A flexible spine indicates a person’s wellness on several levels. This is according to Ideal Spine Health Center. Because the spine is integral to all areas of the body, keeping it flexible is key to staying well. A flexible spine means you can move around in a comfortable manner however you wish. This proves to be an important way to stay healthy while getting older. And Yoga Journal mentions how this pose can relieve low back tightness and pain.
Better Kidney Function
Yoga Journal lists seated head to knee pose as one of the best poses for keeping your kidneys healthy. This pose stimulates those vital, blood-purifying organs. University Hospitals explains how the kidney is the major player in the regulation of your blood pressure. And the kidneys maintain many hormones that are vital to our very existence.
Benefits Hamstrings and Hips
Our friends at VeryWellFit say this pose stretches the hamstrings and hips. It can be especially beneficial to runners with tight muscles. And hip mobility is important. NRG Sports Therapy points out that poor hip mobility can lead to poor movement. It also leads to poor posture and inhibited muscles – which can lead to injury and distress.
Encourages Introspection and Calms the Mind
Once again, Yoga Journal weighs in by mentioning how this pose can help calm your mind. They even suggest closing your eyes in this pose while you cultivate a sense of inner peace. It’s not about touching your toes. It’s about slowing down and focusing on your breath.
Eckhart Yoga declares that forward folds are calming and introspective postures. Why? Because they mimic the protective fetal position, drawing our energy and attention inwards.
As mentioned before, judgmental thoughts might arise. I ride the wave of that thought all the way through the introspection while settling in. After all, things are slowing down as it’s now the end of the practice. I can see the calm and I am in the essence of my yoga practice.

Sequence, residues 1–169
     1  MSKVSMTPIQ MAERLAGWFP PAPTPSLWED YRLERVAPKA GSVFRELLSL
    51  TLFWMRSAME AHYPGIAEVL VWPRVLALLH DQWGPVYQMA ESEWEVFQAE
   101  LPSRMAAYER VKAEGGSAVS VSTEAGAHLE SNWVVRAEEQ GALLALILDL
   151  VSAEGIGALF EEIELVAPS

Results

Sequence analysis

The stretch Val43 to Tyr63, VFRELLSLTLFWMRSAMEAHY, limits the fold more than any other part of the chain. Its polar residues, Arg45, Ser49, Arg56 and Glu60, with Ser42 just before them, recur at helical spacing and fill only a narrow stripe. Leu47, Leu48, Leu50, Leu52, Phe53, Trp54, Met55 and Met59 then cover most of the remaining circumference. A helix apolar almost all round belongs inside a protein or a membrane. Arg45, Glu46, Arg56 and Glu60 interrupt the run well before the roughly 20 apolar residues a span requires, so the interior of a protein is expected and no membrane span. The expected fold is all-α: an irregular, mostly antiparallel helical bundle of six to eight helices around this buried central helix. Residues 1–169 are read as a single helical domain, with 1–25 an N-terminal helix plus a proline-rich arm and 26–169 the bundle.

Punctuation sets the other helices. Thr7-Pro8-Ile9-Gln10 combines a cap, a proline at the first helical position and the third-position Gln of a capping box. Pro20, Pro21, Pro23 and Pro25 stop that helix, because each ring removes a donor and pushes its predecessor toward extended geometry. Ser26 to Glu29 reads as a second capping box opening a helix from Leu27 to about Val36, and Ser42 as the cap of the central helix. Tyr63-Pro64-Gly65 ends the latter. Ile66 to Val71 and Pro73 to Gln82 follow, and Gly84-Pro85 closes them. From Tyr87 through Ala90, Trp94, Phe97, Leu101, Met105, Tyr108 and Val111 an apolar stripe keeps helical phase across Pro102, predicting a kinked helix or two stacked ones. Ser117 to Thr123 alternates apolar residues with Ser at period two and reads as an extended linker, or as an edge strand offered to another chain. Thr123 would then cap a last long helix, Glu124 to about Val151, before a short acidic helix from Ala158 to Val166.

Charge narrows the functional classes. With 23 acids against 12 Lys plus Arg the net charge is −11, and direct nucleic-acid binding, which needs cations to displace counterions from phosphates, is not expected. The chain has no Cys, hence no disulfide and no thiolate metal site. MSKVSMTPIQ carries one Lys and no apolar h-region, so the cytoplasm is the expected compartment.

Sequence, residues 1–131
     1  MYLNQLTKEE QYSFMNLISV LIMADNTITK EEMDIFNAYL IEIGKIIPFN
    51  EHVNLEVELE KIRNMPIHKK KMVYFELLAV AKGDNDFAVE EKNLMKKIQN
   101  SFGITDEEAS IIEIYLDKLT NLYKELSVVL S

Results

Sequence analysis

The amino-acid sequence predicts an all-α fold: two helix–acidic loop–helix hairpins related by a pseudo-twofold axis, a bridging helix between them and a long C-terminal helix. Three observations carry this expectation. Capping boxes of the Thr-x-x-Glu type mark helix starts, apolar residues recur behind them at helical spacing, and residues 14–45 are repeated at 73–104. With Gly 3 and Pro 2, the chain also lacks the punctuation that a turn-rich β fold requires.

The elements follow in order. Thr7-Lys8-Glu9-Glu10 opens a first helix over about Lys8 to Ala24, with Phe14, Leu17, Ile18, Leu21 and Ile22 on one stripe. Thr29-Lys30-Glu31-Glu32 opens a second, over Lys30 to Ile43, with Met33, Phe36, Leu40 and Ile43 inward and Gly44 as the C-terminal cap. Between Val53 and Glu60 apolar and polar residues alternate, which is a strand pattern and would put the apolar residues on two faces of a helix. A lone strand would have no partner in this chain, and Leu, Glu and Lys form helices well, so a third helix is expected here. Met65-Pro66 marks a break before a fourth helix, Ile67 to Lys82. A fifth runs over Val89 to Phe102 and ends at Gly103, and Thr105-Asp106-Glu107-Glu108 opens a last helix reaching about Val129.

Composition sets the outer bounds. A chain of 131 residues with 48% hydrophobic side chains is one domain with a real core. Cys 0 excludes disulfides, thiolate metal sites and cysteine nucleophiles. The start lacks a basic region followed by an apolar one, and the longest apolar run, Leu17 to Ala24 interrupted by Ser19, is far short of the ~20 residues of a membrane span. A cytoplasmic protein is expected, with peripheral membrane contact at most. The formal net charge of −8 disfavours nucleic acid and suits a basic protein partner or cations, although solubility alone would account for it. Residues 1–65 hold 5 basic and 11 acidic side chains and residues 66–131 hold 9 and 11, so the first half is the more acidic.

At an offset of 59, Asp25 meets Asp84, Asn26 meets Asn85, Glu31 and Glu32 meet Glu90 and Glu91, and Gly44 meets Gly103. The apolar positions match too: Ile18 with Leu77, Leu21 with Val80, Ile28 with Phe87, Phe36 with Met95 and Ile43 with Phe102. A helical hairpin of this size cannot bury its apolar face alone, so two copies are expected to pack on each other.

I am fully human. And I have found that peaceful surrender which brings me back to my mat time and time again.
1. I’m not very flexible. What if I’m the only one who can’t hold the pose for as long as everyone else?
It’s completely natural to feel that way, especially when you’re trying something new or challenging. Remember, yoga is not about comparing yourself to others or competing with anyone else in the room. Each person’s body is unique, and everyone has their own journey in their practice. The beauty of yoga is that it’s a personal journey of growth and self-discovery. It’s not about how perfectly you can hold a pose or how long you can maintain it. It’s about connecting with your body, listening to its signals, and gradually working towards your own progress.
2. What if the instructor corrects my form in front of everyone?I hate feeling like I’m doing something wrong.
It’s not uncommon to feel a bit self-conscious when it comes to receiving corrections in front of others. But please know that yoga instructors are there to help and guide you, not to make you uncomfortable. When an instructor offers a correction, it’s not a judgment of your abilities. It’s an opportunity for growth and improvement. They want to ensure that you’re getting the most out of your practice and avoiding any potential discomfort or injury. Corrections are actually a sign that they care about your well-being and progress.
3. I don’t want to compare myself to others, but I can’t help feeling like I’m not good enough for this.
Having moments of self-doubt, especially when trying something new or challenging like yoga, can come. Remember, your journey is entirely your own, and it’s not about measuring up to anyone else’s standards. Each person’s body is unique, and we all start from different points in our practices. Comparing yourself to others can be discouraging and undermine your progress. Instead, focus on the progress you’re making personally, no matter how small it may seem. Every step you take in your practice is a step forward, and that’s something to be proud of.